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Title: Clinical practice guideline for diagnosis and management of urticaria
Authors: Kanokvalai Kulthanan
Papapit Tuchinda
Leena Chularojanamontri
Pattriya Chanyachailert
Wiwat Korkij
Amornsri Chunharas
Siriwan Wananukul
Wanida Limpongsanurak
Suwat Benjaponpitak
Wanee Wisuthsarewong
Kobkul Aunhachoke
Vesarat Wessagowit
Pantipa Chatchatee
Penpun Wattanakrai
Orathai Jirapongsananuruk
Jettanong Klaewsongkram
Nopadon Noppakun
Pakit Vichyanond
Puan Suthipinittharm
Kiat Ruxrungtham
Srisupalak Singalavanija
Jarungchit Ngamphaiboon
Mahidol University
Faculty of Medicine, Chulalongkorn University
Thailand Ministry of Public Health
Phramongkutklao College of Medicine
Ubon Rajathanee University
Keywords: Immunology and Microbiology;Medicine
Issue Date: 1-Sep-2016
Citation: Asian Pacific Journal of Allergy and Immunology. Vol.34, No.3 (2016), 190-200
Abstract: © 2016, Allergy and Immunology Society of Thailand. All rights reserved. Urticaria is a common skin condition that can compromise quality of life and may affect individual performance at work or school. Remission is common in majority of patients with acute spontaneous urticaria (ASU); however, in chronic cases, less than 50% had remission. Angioedema either alone or with urticaria is associated with a much lower remission rate. Proper investigation and treatment is thus required. This guideline, a joint development of the Dermatological Society of Thailand, the Allergy, Asthma, and Immunology Association of Thailand and the Pediatric Dermatological Society of Thailand, is graded and recommended based on published evidence and expert opinion. With simple algorithms, it is aimed to help guiding both adult and pediatric physicians to better managing patients who have urticaria with/without angioedema. Like other recent guideline, urticaria is classified into spontaneous versus inducible types. Patients present with angioedema or angioedema alone, drug association should be excluded, acetyl esterase inhibitors (ACEIs) and non-steroidal anti-inflammatory drugs (NSAIDs) in particular. Routine laboratory investigation is not cost-effective in chronic spontaneous urticaria (CSU), unless patients have clinical suggesting autoimmune diseases. Non-sedating H1-antihistamine is the first-line treatment for 2-4 weeks; if urticaria was not controlled, increasing the dose up to 4 times is recommended. Sedating first-generation antihistamines have not been proven more advantage than non-sedating antihistamines. The only strong evidence-based alternative regimen for CSU is an anti-IgE: omalizumab; due to very high cost it however might not be accessible in low-middle income countries. Non-pharmacotherapeutic means to minimize hyper-responsive skin are also important and recommended, such as prevention skin from drying, avoidance of hot shower, scrubbing, and excessive sun exposure.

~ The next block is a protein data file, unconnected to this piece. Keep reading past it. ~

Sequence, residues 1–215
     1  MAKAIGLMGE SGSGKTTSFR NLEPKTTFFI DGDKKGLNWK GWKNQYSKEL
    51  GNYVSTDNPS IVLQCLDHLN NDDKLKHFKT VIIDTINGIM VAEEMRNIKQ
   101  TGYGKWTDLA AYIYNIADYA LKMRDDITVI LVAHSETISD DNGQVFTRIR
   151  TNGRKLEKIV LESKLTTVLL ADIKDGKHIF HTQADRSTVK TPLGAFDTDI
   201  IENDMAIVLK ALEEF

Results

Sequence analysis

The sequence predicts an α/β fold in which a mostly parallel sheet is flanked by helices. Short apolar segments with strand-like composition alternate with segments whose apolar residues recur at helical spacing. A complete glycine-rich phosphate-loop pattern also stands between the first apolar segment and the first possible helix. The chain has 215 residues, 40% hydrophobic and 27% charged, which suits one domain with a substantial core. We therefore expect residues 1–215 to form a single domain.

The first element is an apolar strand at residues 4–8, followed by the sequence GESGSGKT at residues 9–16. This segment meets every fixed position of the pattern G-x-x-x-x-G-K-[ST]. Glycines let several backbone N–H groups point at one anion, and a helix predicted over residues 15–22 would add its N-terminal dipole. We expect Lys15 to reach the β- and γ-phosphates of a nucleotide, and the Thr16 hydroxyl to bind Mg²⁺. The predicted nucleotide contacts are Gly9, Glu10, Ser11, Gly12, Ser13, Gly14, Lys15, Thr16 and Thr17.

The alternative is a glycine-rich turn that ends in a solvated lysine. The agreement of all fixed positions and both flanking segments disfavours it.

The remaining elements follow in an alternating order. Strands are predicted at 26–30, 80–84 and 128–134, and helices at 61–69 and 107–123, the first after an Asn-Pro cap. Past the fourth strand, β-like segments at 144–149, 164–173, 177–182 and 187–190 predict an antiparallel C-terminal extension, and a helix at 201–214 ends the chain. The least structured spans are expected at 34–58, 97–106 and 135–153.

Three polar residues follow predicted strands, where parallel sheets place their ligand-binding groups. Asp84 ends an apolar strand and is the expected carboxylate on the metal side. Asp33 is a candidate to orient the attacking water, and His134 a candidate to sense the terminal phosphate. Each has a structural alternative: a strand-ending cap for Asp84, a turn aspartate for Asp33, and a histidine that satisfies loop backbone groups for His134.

ISSN: 22288694
Appears in Collections:Scopus 2016-2017

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